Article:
Clo. Not a more cowardly rogue in all Bohemia; if you had but looked big, and spit at him, h'd have run.

Aut. I must confess to you, sir, I am no fighter: I am false of heart that way; and that he knew, I warrant himi.

Clo. How do you now?

Aut. Sweet sir, much better than I was; I can stand, and walk : I will even take my and pace softły towards my kinsman's.

Clo. Shall I bring thee on the way?
Aut. No, good-faced sir; no, sweet sir.

Clo. Then fare thee well; I must go buy spices for our sheep-shearing

Aut. Prosper you, sweet sir!--[Exit Clown.] Your purse is not hot enough to purchase your spice. I'll be with you at your sheep-shearing too: If I make not this cheat bring out another, and the shearers prove sheep, let me be unrolled, and my name put in the book of virtue!

leave of you,

[blocks in formation]

Jog on, jog on, the foot-path way,

And merrily hent 4 the stile-a:
A merry heart goes all the day,

Your sad tires in a mile-a.

[Exit.

SCENE III.

The sume.

A Shepherd's Cottage.

the queen

Enter FLORIZEL and Perdita. Flo. These your unusual weeds to each part of you Do give a life: no shepherdess; but Flora, Peering in April's front. This your sheep-shearing Is as a meeting of the petty gods, And you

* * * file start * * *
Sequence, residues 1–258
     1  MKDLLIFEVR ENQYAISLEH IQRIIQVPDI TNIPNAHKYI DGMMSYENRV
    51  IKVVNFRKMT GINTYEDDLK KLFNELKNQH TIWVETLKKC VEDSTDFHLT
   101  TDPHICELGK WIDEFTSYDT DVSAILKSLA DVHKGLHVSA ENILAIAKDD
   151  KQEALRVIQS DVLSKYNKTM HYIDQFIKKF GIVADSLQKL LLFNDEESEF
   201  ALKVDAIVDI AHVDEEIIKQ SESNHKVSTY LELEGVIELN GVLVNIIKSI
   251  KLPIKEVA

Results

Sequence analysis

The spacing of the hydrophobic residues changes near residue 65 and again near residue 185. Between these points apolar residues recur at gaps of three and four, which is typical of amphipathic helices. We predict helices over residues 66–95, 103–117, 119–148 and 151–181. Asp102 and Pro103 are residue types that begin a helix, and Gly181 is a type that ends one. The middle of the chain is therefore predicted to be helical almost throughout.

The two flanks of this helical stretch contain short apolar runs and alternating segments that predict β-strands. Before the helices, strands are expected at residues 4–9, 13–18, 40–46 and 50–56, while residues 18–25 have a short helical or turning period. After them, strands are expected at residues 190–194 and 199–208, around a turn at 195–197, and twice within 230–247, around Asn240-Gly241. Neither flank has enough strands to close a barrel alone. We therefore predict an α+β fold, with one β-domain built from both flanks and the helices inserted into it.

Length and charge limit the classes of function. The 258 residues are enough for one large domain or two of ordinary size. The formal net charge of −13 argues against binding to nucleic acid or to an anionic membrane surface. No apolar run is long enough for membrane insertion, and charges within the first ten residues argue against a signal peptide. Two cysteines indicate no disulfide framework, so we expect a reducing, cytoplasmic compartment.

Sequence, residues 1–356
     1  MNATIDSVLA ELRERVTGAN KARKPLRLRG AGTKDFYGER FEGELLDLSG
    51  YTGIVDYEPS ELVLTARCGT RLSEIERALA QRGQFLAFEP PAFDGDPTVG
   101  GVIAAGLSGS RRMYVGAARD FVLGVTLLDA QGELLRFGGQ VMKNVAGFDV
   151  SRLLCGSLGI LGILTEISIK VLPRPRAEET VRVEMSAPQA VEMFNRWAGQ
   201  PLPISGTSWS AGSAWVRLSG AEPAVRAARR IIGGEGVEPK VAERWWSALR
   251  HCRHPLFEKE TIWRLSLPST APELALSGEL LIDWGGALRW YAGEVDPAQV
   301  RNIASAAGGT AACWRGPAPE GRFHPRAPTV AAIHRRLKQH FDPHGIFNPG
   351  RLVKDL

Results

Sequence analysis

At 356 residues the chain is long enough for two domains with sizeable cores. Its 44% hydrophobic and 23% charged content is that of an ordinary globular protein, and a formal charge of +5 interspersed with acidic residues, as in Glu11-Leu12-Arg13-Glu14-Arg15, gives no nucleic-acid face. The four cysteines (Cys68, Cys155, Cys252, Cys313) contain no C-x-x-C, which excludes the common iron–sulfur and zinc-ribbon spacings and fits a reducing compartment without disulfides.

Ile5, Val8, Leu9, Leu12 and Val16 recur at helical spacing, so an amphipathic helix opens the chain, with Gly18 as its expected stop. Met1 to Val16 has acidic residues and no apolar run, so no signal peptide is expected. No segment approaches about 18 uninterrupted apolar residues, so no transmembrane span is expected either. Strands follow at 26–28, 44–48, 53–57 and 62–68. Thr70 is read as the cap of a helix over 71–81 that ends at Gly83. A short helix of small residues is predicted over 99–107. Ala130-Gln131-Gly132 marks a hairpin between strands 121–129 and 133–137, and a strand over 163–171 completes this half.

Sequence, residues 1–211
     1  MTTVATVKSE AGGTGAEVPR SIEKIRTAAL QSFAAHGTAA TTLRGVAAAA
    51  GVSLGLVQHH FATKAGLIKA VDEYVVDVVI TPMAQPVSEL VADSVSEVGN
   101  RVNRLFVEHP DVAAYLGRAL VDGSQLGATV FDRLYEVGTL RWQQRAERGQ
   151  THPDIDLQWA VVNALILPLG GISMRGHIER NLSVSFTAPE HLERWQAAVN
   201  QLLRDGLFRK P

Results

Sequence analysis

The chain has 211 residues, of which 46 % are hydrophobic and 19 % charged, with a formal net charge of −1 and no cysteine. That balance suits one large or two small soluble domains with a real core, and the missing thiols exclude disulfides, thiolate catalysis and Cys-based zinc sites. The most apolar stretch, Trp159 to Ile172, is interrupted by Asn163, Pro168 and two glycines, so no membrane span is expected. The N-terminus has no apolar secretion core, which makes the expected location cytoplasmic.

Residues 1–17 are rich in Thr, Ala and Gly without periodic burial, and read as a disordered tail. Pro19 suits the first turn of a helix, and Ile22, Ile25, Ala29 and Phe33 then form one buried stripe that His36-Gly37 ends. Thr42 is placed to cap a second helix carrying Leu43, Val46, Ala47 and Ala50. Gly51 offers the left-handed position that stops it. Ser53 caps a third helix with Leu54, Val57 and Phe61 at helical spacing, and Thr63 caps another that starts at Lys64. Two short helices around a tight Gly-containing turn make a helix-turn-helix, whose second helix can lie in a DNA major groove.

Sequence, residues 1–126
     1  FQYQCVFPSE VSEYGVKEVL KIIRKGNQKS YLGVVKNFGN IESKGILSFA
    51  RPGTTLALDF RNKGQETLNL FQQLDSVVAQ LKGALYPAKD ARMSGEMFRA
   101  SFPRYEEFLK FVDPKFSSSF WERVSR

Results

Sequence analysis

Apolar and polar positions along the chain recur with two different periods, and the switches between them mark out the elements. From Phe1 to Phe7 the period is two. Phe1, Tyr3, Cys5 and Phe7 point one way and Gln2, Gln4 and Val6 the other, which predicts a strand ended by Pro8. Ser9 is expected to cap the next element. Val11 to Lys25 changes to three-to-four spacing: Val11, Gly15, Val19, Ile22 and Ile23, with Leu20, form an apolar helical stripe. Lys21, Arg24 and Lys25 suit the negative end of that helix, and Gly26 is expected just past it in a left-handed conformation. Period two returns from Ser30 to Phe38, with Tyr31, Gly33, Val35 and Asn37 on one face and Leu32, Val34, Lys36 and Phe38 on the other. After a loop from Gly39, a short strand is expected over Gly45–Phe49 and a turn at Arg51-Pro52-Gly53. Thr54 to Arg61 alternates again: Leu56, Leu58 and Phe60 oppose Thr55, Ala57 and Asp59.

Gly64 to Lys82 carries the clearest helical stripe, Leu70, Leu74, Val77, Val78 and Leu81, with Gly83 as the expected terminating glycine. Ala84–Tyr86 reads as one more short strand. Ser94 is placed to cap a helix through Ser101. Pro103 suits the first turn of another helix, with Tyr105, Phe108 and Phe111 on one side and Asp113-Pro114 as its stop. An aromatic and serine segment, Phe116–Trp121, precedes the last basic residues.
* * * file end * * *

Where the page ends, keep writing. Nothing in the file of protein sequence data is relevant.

on't. Per.

Sir, my gracious lord,
To chide at your extremes, it not becomes me;
O, pardon, that I name them: your high self,
The gracious mark “ o'the land, you have obscur'd
With a swain's wearing; and me, poor lowly maid,
Most goddess-like prank'di up: But that our feasts
In every mess have folly, and the feeders
Digest it with a custom, I should blush
To see you so attired; sworn, I think,
To show myself a glass.
Flo.

I bless the time,
When my good falcon made her flight across
Thy father's ground.
Per.

Now Jove afford you cause! To me, the difference 8 forges dread; your greatness

4 Take hold of.
S Excesses. 6 Object of all, men’s notice.
7 Dressed with ostentation.

si, e. Of station.

Hath not been us'd to fear. Even now I tremble
To think, your father, by some accident,
Should

pass this way, as you did : O, the fates !
How would he look, to see his work, so noble,
Vilely bound up? What would he say? Or how
Should I, in these my bórrow'd flaunts, behold
The sternness of his presence ?
Flo.

Apprehend
Nothing but jollity. The gods themselves,
Humbling their deities to love, have taken
The shapes of beasts upon them: Jupiter
Became a bull, and bellow'd; the green Neptune
A ram, and bleated ; and the fire-rob'd god,
Golden Apollo, a poor humble swain,
As I seem now: Their transformations
Were never for a piece of beauty rarer;
Nor in a way so chaste : since my desires
Run not before mine honour; nor my lusts
Burn hotter than my faith.
Per.

O but, dear sir, Your resolution cannot hold, when 'tis Oppos'd, as it must be, by the power o'the king: One of these two must be necessities, Which then will speak; that you must change this

purpose, Or I my life. Flo.

Thou dearest Perdita, With these forc'do thoughts, I pr’ythee, darken not The mirth o'the feast: Or I'll be thine, my fair, Or not my father's : for I cannot be Mine own, nor any thing to any, if

9 Far-fetched.